Association between promoters and signal transduction pathways

TRANSPATH® [14] is a manually curated database focusing on signal transduction pathways. Relevant elements such as ligands, receptors, enzymes as well as TFs are stored along with information about interactions, modifications, and other reactions they undergo. Chains are sequences of reactions described in at least one paper, and several chains may constitute a pathway. There are 24441 promoters for 14283 human genes documented in TRANSPRO® 3.1, of them 1049 genes are associated with a pathway or reaction chain described in TRANSPATH® 7.1 [14]. These 1049 promoter regions -1000 to +100 relative to TSSs calculated in TRANSPATH® were taken as a primary data source. The promoters are associated with 360 pathways or chains, provided that at least 5 promoters were associated with each pathway.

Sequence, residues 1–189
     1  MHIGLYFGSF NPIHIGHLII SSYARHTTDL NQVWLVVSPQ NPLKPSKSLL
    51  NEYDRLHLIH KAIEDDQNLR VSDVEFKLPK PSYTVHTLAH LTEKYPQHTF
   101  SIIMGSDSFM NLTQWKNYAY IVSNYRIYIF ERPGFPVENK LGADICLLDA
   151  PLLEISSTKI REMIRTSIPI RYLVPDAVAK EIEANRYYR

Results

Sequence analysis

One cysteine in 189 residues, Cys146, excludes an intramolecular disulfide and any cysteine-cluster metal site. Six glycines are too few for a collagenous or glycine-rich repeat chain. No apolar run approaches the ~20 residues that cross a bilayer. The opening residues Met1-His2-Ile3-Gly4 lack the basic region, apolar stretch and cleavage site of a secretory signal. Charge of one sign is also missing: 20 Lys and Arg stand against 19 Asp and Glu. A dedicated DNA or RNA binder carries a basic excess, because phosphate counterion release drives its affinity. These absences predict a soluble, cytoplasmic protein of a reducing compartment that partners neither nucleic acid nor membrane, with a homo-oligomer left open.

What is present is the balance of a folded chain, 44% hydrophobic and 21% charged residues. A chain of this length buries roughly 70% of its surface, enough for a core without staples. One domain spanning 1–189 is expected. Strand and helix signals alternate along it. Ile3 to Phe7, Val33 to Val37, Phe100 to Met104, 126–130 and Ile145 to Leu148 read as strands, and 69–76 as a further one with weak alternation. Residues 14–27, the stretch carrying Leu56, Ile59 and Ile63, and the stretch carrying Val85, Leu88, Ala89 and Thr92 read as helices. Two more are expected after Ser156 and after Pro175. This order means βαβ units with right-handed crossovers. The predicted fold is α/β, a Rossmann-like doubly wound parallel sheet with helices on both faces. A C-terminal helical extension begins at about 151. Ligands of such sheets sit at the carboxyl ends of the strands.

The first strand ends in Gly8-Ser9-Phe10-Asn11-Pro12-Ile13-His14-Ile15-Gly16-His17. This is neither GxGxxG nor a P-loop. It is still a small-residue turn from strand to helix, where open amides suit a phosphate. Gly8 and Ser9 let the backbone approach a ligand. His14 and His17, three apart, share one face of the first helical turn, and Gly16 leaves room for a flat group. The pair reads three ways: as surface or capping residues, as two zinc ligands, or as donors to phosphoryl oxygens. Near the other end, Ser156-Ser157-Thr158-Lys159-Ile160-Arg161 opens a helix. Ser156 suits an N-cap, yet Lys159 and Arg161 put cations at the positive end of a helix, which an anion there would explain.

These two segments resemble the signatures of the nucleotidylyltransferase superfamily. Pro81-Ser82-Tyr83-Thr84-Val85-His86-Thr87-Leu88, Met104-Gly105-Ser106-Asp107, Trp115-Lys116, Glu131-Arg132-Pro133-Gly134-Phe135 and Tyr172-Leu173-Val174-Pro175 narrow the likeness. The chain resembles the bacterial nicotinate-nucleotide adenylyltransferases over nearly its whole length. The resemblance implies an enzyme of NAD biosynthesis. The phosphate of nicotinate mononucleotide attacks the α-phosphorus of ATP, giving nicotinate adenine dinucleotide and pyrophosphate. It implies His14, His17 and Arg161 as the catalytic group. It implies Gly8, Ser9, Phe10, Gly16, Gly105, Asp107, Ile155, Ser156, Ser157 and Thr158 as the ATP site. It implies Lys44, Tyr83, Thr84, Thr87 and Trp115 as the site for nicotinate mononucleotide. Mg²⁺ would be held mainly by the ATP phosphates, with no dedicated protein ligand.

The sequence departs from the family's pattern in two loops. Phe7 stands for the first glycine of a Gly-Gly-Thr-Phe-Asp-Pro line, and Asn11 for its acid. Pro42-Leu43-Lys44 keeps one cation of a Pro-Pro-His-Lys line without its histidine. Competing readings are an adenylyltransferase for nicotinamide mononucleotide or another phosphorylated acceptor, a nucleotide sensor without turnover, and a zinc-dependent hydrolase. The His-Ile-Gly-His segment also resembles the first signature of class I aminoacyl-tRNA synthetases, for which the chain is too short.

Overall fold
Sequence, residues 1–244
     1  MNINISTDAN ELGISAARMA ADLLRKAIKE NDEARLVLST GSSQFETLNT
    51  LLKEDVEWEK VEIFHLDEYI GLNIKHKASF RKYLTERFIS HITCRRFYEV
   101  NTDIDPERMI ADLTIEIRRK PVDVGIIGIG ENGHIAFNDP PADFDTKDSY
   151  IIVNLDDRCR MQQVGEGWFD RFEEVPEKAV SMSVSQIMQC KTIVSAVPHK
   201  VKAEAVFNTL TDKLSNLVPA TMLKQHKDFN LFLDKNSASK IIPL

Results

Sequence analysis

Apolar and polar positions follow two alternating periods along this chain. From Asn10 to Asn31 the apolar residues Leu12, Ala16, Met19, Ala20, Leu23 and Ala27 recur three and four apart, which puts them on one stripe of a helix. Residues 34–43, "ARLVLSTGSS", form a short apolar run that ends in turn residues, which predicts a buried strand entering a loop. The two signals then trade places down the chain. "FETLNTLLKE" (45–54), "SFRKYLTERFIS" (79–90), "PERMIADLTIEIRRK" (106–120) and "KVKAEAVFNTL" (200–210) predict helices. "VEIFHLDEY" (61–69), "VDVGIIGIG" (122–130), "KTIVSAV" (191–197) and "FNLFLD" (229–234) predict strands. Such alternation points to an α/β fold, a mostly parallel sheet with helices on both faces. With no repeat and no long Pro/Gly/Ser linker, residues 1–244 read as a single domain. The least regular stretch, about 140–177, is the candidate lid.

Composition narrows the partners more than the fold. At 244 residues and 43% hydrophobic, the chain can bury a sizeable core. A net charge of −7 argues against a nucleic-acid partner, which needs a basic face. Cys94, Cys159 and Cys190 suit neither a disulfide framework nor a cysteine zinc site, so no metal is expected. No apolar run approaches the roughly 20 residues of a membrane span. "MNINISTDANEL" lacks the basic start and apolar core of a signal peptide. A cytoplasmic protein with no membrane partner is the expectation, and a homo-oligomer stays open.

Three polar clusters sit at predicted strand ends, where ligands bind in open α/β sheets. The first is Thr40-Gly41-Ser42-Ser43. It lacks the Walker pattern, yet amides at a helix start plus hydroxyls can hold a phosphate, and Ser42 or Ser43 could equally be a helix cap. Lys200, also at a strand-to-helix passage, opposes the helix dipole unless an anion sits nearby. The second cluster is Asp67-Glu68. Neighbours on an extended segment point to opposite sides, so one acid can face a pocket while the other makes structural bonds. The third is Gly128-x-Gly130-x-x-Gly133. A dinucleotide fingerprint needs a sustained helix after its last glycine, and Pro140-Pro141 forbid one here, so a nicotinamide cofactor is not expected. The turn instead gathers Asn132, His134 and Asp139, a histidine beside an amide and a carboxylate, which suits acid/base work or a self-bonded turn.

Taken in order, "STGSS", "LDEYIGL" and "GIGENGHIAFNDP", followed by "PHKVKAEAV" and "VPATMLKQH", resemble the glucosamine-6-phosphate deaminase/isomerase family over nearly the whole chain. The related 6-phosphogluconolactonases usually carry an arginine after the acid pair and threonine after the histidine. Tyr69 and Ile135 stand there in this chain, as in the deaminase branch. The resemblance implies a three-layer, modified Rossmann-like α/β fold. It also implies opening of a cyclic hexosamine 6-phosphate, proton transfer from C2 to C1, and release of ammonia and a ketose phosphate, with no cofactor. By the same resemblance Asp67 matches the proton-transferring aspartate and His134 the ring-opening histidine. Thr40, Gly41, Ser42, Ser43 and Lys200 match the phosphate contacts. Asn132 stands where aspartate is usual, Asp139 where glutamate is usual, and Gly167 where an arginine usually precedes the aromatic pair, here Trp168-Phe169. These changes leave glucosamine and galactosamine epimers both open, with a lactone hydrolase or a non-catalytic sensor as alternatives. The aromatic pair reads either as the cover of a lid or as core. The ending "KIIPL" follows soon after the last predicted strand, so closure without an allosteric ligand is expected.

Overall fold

Identification of putative TFBS

TRANSFAC® 10.1 provides, among other information, more than 8000 TFs, of them 1555 human TFs, as well as a library of 795 PWMs including 569 matrices for vertebrate TFs [1].

The program Match™ [17] was used to identify putative binding sites in the promoters of each pathway or chain, using the vertebrate PWMs. A built-in matrix profile with cut-off values adjusted to minimize the sum of false positive and false negative errors (minSUM) was used in the detection of the sites.

F-Match: Identification of over- and under-represented sites in promoter sequences

In order to identify TFBS overrepresented in the promoter sets, a control set was derived for each pathway or reaction chain; the complete data source was taken excluding only the promoters of the genes in the pathway being investigated. The Match™ program was used to identify TF binding sites in this control collection and the number of sites was taken as a background to compare with the number of sites found in the promoters from the pathway in question.